Fruit juices of whatever variety are very high in sugar – even if it is natural sugar – and they will burden the pancreas and the adrenals in much the same way that sucrose does.
If juices are used at all, they should be used in small quantities on special occasions only and their use should be followed by or preceded by a drink of water (to dilute the juice in the stomach).
Not all commercial fruit juices are as good for you as they are made out to be. There is so much that we do not know about the methods of preparing these drinks, that we really cannot comment on their suitability. The reader is urged to watch for after-effects such as depression, headaches and bleeding noses – especially in children. This is, after all, the most convincing evidence of all.
We do like to believe that juice factories make every effort to provide a good, clean product. The fact remains, however, that it is impossible for them to inspect every fruit for worms. The insecticide sprayed on the fruit will also get blended into the juice or the puree. We have received frequent reports that over-ripe fruit often finds its way into the batch. Then, whatever else the factories do in order to stop the juice from spoiling, this might or might not be in the better interests of health. Fruit juice in aluminium-lined containers should obviously be avoided, as should cold drinks in aluminium “tin” cans.
The one fruit juice that you can depend on with utmost confidence, is the one which you squeeze or extract at home yourself – provided you do not overdo it. Grape juice and orange juice are best, as these are considered to be “pre-digested” foods.
If you use whatever fruit is in season, home-made fresh juices should not prove expensive. It must be remembered that taking a juice in between meals is tantamount to eating in between meals, and this will burden the digestion. The best use of such drinks is probably as a substitute for the evening meal, when changing over to a two-meal-a-day plan. Otherwise, they should be taken half an hour before a meal – in which case they will serve as an appetite supressant.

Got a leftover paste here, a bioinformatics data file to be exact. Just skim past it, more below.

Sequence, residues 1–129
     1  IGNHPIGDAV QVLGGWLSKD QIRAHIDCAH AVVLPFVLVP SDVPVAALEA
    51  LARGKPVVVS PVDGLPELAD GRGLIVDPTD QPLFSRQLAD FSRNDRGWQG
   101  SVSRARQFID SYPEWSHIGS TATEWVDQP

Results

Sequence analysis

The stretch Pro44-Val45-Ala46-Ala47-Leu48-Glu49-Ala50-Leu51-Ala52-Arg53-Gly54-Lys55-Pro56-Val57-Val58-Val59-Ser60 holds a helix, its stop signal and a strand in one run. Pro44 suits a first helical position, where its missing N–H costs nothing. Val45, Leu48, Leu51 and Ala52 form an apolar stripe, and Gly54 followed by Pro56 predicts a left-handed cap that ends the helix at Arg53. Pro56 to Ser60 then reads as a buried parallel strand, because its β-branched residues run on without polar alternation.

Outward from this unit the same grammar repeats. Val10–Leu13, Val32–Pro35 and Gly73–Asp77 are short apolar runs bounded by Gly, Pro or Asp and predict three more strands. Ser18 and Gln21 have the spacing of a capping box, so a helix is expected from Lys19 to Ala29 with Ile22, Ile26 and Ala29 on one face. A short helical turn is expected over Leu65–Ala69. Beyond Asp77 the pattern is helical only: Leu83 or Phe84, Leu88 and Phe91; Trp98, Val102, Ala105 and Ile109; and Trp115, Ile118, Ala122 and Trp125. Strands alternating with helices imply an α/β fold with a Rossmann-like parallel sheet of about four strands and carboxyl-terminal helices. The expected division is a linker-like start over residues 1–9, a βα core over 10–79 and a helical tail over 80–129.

There are thousands of alternatives, the following are included just to give you some ideas.
1 cup freshly-squeezed orange juice
1 cup strawberries
Blend together and chew while drinking. Yield: 1 serving.
2 cups strawberries
1/2 cup NC Natural or Organic honey
2 cups Farmhouse ice-cream
4 cups milk
Blend strawberries and honey together. Add the ice-cream and 1 cup milk, and blend again. Combine with remaining milk.
2 cups sweet melon juice
1 serving ice-cream
You may use any fruit juice. Fill glass two-thirds full. Place ice-cream on top of this, and do your thing with straw and spoon.
1/2 cup coconut milk
1/2 cup pineapple juice
2 Tbsp cream
In place of cream you may use cottage cheese, yoghurt or milk. Blend together. Yield 1 serving.
1/2 cup carrot juice
1/2 cup milk
1/4 cup chopped almonds
2 tsp wheat germ
Blend until very smooth.
2 liters boiling water
1 cup NC honey
For those who like it sour. Extract juice from lemons. Grate the rind of 6 lemons. Combine the rind with the juice and allow to stand overnight in refrigerator. Bring water to boil and add to juice. Mix in honey (adjust to taste). Dilute as required.
Fresh lemon juice
Fructose or NC honey
Mix freshly-squeezed lemon juice and sweetener in cold water. Deliciously, thirst-quenching, and very good for you.
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